For more information on calculating designing time in your labor costs see Unique Beaded Jewelry - One-of-a-kind Vs Production Pieces.
In keeping track of time for a particular item, remember that even "free time" cost money and should be considered in your labor costs.
"Free time" is time that you would otherwise be sitting idle waiting. This waiting time is any free time you have sitting around not particularly doing anything really, such as waiting at the pool to pick the kids up after swim lessons, sitting in the waiting room at the dentist's office, or sitting in the car going on trips.
While it seems like free time that you could put to use, it's not really "free" because any time you spend in producing is "production time". If you take advantage of any free time available to you, then you should consider it more like making efficient use of time management.
Any time whether it's free, spare, waiting or what ever, that you use to produce should be included in your pricing calculations. The following is an example of why even your "free time" is valuable:
Mary, a jewelry designer from Calgary, makes and sells beautiful wire wrapped and bead necklaces using wire and gem stones. She she wire wraps the pendants for these necklaces in what she calls "free time" (or in other words waiting time), which is when she is or sitting on the bus when going downtown, or sitting in the waiting room at the doctor's office, or sitting at the arena waiting for the kids to finish their skating lessons, or sitting in front of the television watching her favorite T.V. show, or sitting and having tea with her neighbors, or simply waiting for the casserole to come out of the oven.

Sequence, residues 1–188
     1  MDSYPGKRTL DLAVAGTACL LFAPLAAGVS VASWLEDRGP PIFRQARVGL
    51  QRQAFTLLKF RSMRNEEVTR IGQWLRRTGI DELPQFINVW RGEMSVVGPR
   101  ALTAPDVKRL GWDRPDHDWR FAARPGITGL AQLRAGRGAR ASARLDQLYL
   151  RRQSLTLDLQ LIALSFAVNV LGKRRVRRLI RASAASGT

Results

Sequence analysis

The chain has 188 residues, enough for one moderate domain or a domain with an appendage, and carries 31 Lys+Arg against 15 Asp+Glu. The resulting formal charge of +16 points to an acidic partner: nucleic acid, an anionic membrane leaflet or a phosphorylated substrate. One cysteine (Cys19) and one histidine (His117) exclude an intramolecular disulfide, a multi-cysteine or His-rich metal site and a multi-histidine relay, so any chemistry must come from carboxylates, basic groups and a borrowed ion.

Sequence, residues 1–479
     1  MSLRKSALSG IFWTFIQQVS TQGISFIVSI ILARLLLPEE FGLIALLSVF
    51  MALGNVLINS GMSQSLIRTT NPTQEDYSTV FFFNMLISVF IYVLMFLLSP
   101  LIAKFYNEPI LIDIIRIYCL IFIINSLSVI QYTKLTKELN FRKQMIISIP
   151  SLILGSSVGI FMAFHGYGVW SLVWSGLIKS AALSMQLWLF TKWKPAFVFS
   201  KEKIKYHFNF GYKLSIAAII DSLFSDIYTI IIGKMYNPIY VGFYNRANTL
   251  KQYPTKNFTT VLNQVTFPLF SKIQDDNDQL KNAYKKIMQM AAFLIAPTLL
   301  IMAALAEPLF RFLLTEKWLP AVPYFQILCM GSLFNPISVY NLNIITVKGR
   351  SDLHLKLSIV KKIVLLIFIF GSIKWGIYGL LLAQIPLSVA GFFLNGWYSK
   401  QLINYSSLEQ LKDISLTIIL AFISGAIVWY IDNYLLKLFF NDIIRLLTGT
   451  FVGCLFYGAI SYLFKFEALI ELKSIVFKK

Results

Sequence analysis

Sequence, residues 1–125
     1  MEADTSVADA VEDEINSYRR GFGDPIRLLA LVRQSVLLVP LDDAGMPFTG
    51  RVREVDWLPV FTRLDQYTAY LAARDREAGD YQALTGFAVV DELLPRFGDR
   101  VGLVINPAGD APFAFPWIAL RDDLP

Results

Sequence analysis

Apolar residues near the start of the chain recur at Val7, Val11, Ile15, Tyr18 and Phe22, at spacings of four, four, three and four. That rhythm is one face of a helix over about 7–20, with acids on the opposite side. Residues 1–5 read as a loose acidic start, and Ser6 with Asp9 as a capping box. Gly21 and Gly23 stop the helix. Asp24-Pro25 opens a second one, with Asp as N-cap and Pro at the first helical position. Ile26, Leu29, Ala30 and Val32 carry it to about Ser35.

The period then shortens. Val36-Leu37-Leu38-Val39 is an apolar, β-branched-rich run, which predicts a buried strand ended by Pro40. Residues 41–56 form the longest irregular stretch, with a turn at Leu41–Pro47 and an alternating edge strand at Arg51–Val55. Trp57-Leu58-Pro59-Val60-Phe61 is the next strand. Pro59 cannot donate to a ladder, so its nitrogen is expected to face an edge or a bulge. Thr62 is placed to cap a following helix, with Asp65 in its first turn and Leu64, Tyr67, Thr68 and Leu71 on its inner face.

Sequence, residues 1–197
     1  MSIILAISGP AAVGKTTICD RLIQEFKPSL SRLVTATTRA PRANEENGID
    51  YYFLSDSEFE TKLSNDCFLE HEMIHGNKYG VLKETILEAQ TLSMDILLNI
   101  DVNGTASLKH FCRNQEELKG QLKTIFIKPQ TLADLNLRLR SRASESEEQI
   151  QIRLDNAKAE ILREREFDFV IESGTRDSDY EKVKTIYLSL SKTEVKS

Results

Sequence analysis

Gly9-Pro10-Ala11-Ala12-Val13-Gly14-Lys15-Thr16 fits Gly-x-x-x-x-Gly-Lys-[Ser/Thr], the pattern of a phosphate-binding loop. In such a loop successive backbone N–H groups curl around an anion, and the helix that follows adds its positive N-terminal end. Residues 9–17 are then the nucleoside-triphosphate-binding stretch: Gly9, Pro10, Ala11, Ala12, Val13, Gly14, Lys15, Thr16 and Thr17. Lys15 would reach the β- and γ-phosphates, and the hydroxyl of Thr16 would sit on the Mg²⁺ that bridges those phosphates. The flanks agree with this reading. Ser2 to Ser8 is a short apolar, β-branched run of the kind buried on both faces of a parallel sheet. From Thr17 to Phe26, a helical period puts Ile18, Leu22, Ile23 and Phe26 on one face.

She always carries a small plastic container, with gem stones and wire, in her purse with her at all times. When ever she has a few free minutes sitting and waiting she pulls out one of her stones and some wire and starts wrapping the stone. If she was to sit and create the wire wrapped pendant in one sitting it would take an hour, and it takes her a good hour to complete the rest of the necklace which basically consists of stinging beads and stones and attaching the clasp.
When Mary was making out a pricing formula for her necklaces she placed a value on her time at ten dollars an hour for labor costs. Therefore she figures that it takes her one hour to produce a necklace. She didn't include all the time it takes to do the wire wrapping, because to her that's "free time" where she would otherwise be just sitting idly waiting. So her calculations would look something like this: